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If I had to vote for 10

We are now entering into the third and final phase of my hall of fame prognostication. I am going to tell you what my ballot would look like if I were able to vote in the BBWAA Hall of Fame election. Each voter is allowed to vote for as many as 10 players.

I have decided to list out for you who I would vote for if I had to vote for 10 players and tell you who I would remove if I could only vote for 9 players and downward until I get to who I would vote for if I could only vote for 1 player. Today I will go down as far until I get to the actual amount of people I will be voting for. Monday I will reveal that list in it’s entirety.

If I had to vote for 10 players, the last player on my ballot would be Bert Blyleven.

Why he’s in the top 10: Frankly because no one on the list who I didn’t put higher really screams out to me Hall of Fame. For some reason I just can’t fall in love with Jack Morris. I was thinking about Alan Trammell and after doing some stat comparison could not bring myself to vote for Him. I compared the 19 position players in 12 categories and Trammell was 1 of only 4 players did not finish in the top 5 in any of them.

Blyleven is also in my top 10 because he has the bonafides to be there. Blyleven has 3,701 strikeout 5th all time, 3rd of anyone who’e ever been on a BBWAA ballot. Of the top 10 strikeout leaders who have ever been on a BBWAA ballot, only blyleven has not been voted into the Hall. Blyleven’s 60 shutouts is good enough for 9th on the all time list. Not only is everyone ahead of him in the hall, he is the only one not in the top 20 not to make it.

Why he’s not any higher: For some reason Bert Blyleven does not feel like a hall-0f-famer to me despite the stats. One stat that may be dragging him down is wins. Blyleven is 27th all time in wins of all those only 2 players who have been elgible for election with more wins than Blyleven have made it to the hall. The problem is that Blyleven and those other 2 pitchers are the only ones who have less than 300 wins. One of those pitchers Tommy John, who at least to me, does feel like a hall-of famer failed to be elected on his 15th and final ballot last year. John had 1 more win than blyleven 21 point better winning percentage and only 3 hundreths higher earened runned average. The fact that the last starting pitcher to make the Hall was Nolan Ryan in 1999 doesn’t help either. While it’s unfair to hold him up to Ryan’s standard, I think it’s fair to hold him up to John’s and since John didn’t get in I’m not voting Blyleven there either.

If I had 9 votes my 9th vote would be for Edgar Martinez.

Why he’s in the top 9: A .312 lifetime batting average with 10 seasons over .300. 2 consecutive AL batting titles doesn’t hurt either. Many will begrudge him the hall because he was basically a career DH. I don’t think that’s fair. Now that we are finally letting relievers in the Hall, it’s time we start giving DH’s their due as well.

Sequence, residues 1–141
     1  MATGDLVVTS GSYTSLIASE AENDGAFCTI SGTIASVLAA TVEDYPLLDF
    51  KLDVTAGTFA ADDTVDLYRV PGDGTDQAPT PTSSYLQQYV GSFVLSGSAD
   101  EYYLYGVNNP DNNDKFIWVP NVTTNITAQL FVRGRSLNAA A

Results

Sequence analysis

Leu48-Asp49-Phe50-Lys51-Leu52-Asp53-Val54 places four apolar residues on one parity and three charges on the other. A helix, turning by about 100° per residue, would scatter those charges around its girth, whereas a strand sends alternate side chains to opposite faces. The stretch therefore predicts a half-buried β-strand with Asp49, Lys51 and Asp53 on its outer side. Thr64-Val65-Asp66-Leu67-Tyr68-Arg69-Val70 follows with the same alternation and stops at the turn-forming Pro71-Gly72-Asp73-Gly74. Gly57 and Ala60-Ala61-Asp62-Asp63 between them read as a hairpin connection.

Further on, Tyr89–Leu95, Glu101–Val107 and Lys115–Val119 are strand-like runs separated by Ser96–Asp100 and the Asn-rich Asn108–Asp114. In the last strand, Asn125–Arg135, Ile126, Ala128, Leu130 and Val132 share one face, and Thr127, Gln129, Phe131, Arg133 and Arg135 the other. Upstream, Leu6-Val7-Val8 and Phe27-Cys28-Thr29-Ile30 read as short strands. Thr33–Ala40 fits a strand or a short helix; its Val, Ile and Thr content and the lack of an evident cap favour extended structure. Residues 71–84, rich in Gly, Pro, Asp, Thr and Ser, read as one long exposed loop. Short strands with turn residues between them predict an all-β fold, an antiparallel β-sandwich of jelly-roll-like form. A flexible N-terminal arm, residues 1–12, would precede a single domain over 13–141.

Why he’s not higher: That being said, I am not quite sure he is quite HOF material. He spent most of his career as the second or third best hitter. Some years he wasn’t even the best Martinez.

If I had 8 votes, my 8th vote would be for Fred McGriff.

Why he’s in the top 8. First of all, he has a HOF nickname. I mean the Crime Dog rocks! Second, McGriff was a clutch performer the fact that his playoff batting average and slugging percentage over 10 series are both approximately 20 points higher than his career #s. This is especially awesome, considering he has a .509 life time slugging percentage.

From 1995 to 1997 I lived near enough Atlanta, Georgia that I became a daily follower of the Atlanta Braves. It was there that I realized how great a player the Crime Dog really was. Statistically, these weren’t his best years but they were still very impressive.

Why he’s not higher: Many people make a case about whether a player should be a first ballot hall of famer or not. To me this makes no sense. If you think someone is good enough for the hall you should vote that way immediately. If you think someone is good enough for the hall you should vote that way immediately. But sometimes it is possible to think a guy as just shy of the Hall and in the years to come reshape your opinion of them. Then i believe it is fair to not cast a vote early only to add it in the years to come. For that reason, even though McGriff is 8th if I had to vote for 8, I would not now choose him for the Hall. I would actually vote for 7 on this years ballot and will reveal those 7 Monday.

Here is why the Crime Dog is on the outside looking in. Many would say that his 7 home runs shy of the 500 mark hurt his chances. To me banging on the door of the 2500/500 club with a lifetime slugging percentage higher than .500 enhances his chances doesn’t hurt them. If he stayed in the bigs long enough to get those 7 dingers he would have surely collected the 10 hits needed for 2,500 in the process. My deal is I don’t want to be some “everybody gets in Flynn” with my voting even though mine are only hypothetical. At 7 votes I already think I may be pushing the envelope this year. Something just cries out to be that McGriff had just below the career needed for the Hall of Fame. It’s nothing I find lacking in his resume as much as this lingering feeling I get that maybe the Hall is not something that Freddy should take a bite out of.

Future Hall of Fame Posts:

Monday: I will list my 7 votes for the Hall
Wednesday: I will have some final thoughts on the process including who I think will be elected this year.
After the voting is revealed: A briefing on the results and how my choices fared